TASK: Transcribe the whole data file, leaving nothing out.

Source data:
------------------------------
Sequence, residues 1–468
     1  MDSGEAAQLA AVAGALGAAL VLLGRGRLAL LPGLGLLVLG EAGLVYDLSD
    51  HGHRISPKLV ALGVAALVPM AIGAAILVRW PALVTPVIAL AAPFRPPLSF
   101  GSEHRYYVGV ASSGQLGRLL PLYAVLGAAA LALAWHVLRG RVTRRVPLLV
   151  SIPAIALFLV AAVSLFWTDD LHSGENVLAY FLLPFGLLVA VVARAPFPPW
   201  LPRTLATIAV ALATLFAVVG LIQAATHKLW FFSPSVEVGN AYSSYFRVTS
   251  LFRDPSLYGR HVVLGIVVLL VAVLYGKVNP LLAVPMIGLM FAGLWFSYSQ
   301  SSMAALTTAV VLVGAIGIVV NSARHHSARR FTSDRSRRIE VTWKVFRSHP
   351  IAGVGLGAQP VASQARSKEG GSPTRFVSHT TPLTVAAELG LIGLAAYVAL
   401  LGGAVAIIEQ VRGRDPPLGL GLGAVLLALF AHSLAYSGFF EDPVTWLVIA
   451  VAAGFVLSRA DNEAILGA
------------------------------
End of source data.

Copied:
Sequence, residues 1–468
     1  MDSGEAAQLA AVAGALGAAL VLLGRGRLAL LPGLGLLVLG EAGLVYDLSD
    51  HGHRISPKLV ALGVAALVPM AIGAAILVRW PALVTPVIAL AAPFRPPLSF
   101  GSEHRYYVGV ASSGQLGRLL PLYAVLGAAA LALAWHVLRG RVTRRVPLLV
   151  SIPAIALFLV AAVSLFWTDD LHSGENVLAY FLLPFGLLVA VVARAPFPPW
   201  LPRTLATIAV ALATLFAVVG LIQAATHKLW FFSPSVEVGN AYSSYFRVTS
   251  LFRDPSLYGR HVVLGIVVLL VAVLYGKVNP LLAVPMIGLM FAGLWFSYSQ
   301  SSMAALTTAV VLVGAIGIVV NSARHHSARR FTSDRSRRIE VTWKVFRSHP
   351  IAGVGLGAQP VASQARSKEG GSPTRFVSHT TPLTVAAELG LIGLAAYVAL
   401  LGGAVAIIEQ VRGRDPPLGL GLGAVLLALF AHSLAYSGFF EDPVTWLVIA
   451  VAAGFVLSRA DNEAILGA